Ghostface Killah seems like the Wu’s most amibitious member lately. In the last three years he’s jumped to Def Jam, released “The Pretty Toney Album,” formed the Theodore Unit and released the “718” album, and in what might be the biggest step yet he’s launched his own Starks Enterprises imprint to release albums on his OWN terms. No waiting for Def Jam to clear his samples or endlessly push back a release date. No waiting for RZA to come through and put the stamp of the Wu on it. In fact on his latest project “Put it on the Line,” the Clan wouldn’t be on it at all if Raekwon didn’t show up for the bonus tracks “The Watch” and “The Sun.” It’s worthwhile to note these both of these songs were cut from a previous Ghost album due to the aforementioned sample issues, so to be perfectly frank about this, there’s nothing NEW from the Wu on this project. Ghostface and his partner Trife Da God have struck out entirely on their own, and for those who are reluctant to invest in either on that basis they’ve included a bonus “Live in New York” DVD to entice buyers. It’s hardly necessary though. From the opening beats of “Cocaine Trafficking” it’s clear the two are a perfect team, playing off each other the way Ghost did with Rae back in the “Only Built 4 Cuban Linx” days:

Ghost: “Cocaine trafficking, your boy’s back again
Moving bricks like I got a degree in scaffolding
Fucking with some cats from Newark, half of them Jewish
Cool white boys riding around, blasting my music
And I’m taxin’ them like Jackson-Hewitt, make sure them packs is moving
We out in Baltimore, the home of the Bruins
Up top the cops raiding my spot, my product got ruined
Drug case pending, but my lawyer is suing
Cuz them faggots put my arm in a tussle, let me start in the scuffle
Son, they tried to put the God in a duffle
But them boys can’t knock the hustle, like Hov’ said”

Trife: “Yeah I write raps, but I sling crack for a living
Punk, anywhere, I ain’t gotta ask for permission
Trife Dies’, know the fiends can’t miss him
Everyday on the shift, like transmission, making them transitions
From New York to Great Britain, up state to San Quinton
Every corner, every block, from Broad Street to Van Sithlin
The grand picture, haul ass when them vans blitz in
Watch for police, the word on the street is your man’s snitching
I’m rider like Pac, ain’t no stopping my ambitions”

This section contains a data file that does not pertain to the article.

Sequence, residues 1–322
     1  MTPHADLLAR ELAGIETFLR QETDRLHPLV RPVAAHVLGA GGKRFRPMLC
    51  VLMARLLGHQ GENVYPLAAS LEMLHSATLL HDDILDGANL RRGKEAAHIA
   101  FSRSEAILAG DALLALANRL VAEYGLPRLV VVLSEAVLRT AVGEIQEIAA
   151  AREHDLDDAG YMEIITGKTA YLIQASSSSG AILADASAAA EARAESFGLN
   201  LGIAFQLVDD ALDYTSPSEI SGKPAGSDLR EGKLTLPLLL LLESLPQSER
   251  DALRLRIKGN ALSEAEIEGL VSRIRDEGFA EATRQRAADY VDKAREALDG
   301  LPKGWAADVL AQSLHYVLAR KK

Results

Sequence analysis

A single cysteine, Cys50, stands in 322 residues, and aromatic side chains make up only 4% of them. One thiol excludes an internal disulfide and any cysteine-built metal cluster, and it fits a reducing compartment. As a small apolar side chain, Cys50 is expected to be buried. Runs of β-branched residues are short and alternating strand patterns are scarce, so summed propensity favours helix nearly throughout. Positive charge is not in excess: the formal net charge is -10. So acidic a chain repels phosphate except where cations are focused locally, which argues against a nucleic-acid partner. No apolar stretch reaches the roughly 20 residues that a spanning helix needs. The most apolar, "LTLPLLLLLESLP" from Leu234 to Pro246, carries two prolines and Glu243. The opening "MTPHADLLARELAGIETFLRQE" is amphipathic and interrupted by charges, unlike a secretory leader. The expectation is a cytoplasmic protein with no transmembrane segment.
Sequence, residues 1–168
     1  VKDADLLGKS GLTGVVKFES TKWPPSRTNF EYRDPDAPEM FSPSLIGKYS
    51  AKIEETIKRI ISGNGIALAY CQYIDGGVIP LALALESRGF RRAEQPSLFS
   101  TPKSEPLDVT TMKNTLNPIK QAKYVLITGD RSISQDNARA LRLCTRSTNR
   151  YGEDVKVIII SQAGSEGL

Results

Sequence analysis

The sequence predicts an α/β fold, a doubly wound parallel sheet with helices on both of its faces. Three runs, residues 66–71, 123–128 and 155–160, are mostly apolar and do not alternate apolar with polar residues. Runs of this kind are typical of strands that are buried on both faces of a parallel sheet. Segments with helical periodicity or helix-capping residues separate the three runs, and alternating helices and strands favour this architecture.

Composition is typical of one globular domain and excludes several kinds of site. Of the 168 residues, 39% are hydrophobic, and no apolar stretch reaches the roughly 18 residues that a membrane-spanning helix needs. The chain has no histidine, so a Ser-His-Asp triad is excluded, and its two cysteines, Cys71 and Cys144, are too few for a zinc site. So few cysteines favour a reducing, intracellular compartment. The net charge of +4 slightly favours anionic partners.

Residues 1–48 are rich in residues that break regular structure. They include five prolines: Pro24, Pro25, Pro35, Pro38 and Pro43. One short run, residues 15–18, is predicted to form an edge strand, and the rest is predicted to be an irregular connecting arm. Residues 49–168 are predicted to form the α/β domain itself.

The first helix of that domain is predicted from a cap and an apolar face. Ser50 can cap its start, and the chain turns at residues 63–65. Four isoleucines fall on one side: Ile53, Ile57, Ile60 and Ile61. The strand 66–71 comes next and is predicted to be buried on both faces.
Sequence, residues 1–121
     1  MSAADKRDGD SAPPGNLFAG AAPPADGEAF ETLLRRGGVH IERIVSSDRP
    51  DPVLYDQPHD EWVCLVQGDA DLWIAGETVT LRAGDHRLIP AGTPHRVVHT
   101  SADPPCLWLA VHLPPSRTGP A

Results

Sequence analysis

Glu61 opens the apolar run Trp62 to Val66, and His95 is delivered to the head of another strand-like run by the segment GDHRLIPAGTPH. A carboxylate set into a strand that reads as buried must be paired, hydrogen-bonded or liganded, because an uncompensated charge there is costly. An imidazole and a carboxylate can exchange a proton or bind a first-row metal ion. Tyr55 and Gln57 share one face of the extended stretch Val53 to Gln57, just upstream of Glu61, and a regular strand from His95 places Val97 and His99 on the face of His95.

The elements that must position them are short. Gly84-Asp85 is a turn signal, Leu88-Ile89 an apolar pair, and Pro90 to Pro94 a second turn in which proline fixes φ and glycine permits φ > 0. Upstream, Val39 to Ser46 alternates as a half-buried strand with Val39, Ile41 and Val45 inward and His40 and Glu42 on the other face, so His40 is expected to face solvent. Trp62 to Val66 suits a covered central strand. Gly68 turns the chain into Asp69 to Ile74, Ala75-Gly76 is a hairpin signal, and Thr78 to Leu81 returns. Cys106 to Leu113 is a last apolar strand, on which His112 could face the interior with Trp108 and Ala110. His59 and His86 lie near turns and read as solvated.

And they certainly are ambitious. Everything’s done in house on this one – the packaging, the marketing, the beats and the rhymes. The title “Put it on the Line” is certainly no coincidence for these rappers. The up and coming Trife Da God is risking his career by throwing all his weight on this project, and Ghostface Killah is risking his reputation if his exceedingly loyal fanbase isn’t feeling Trife’s raps or the sound of the project now that he’s distanced himself from the Clan. I don’t think they’ll be dissapointed by the classic soul funk samples and Ghost style narrative raps on “Struggle” though:

“I’ma tell ya motherfuckers something, my struggle is real
Threw ketchup on my rice, cause there was no meat with the meal
My dog was better off alone, he ate when I ate, if not days later
Two weeks old cold shit, straight out the refrigerator
Ran away a few times, then boom, went to Dee and fried them
Prior to that, burning rulers, we was getting high in the Hill
So many cracks we done crushed up in dollar bills
It’s a shame, didn’t smoke once plain; don’t pass me that
I had escaped that, then dust took over
Hit bags of red devil, bundels leaking, had put the hood in a coma
Hustling backwards and off balance, turkey and cheese hero’s
And nutriments, kept a nigga belly full”

Where Ghost leaves off, Trife takes over, proving himself a worthy student of the rap game on songs like the soulful reggae-tinged “War”:

“Uh, welcome to Jam-rock
Where niggaz get popped, buried in sandlots
New York niggaz, triple they money hitting the grand spot
West Coast bang for they colors and they demand blocks
Stuffed in niggaz barbeque grillings, sizzling hamhocks
Can’t forget my mid west niggaz out in the Chi
St. Louis and Tennessee, where them killas is sure to ride
Shout out to my Ohio players, clocking that paper
To all them fly pimps in Detroit, rocking them gators
Riding around, with the top down, heat in the lap
Stay balling, with the plush leather seats in the back
Down in Houston, sidding sideways, chunking the deuce
Popping them bottles, getting blasted over cups of that juice
Dizzy stukes, niggaz blowin’ off Bobby, like Whitney Houst’
Grey goose with a touch of grapefruit, indeed, it get me loose
We need to call a truce, for all my fallen troops
Stop the warring, let’s do more recording
Sit back and count this loot”

Trife pops with personality and sounds like a cross between a young AZ and a young Nas. His lyrical control is pretty (toney) good right now and under the tutelage of the excellent Ghostface is only likely to improve over time. “Put it on the Line” is a surprisingly excellent project as a result. From the throwback spine-tingling Sylvers (think D.O.C.) sounds of “Out Da Way” to the classic Wu stylings Trife displays on “Drugz” to the hard Iron Man sounds both rap over for “Milk ‘Em,” Ghost and Trife can’t seem to get it wrong no matter what style they flip or what topic they rap about. While this album hasn’t gotten as much publicity as prior Ghostface projects and some may still be doubting given the Wu assassin hasn’t dropped an album on his own in over a year, both his hardcore fans and East coast hip-hop listeners in general should love this project. Trife & Ghost took their careers, “Put it on the Line,” and walked away having doubled up on the bet.

Ghostface Killah and Trife Da God :: Put it on the Line
8.5Overall Score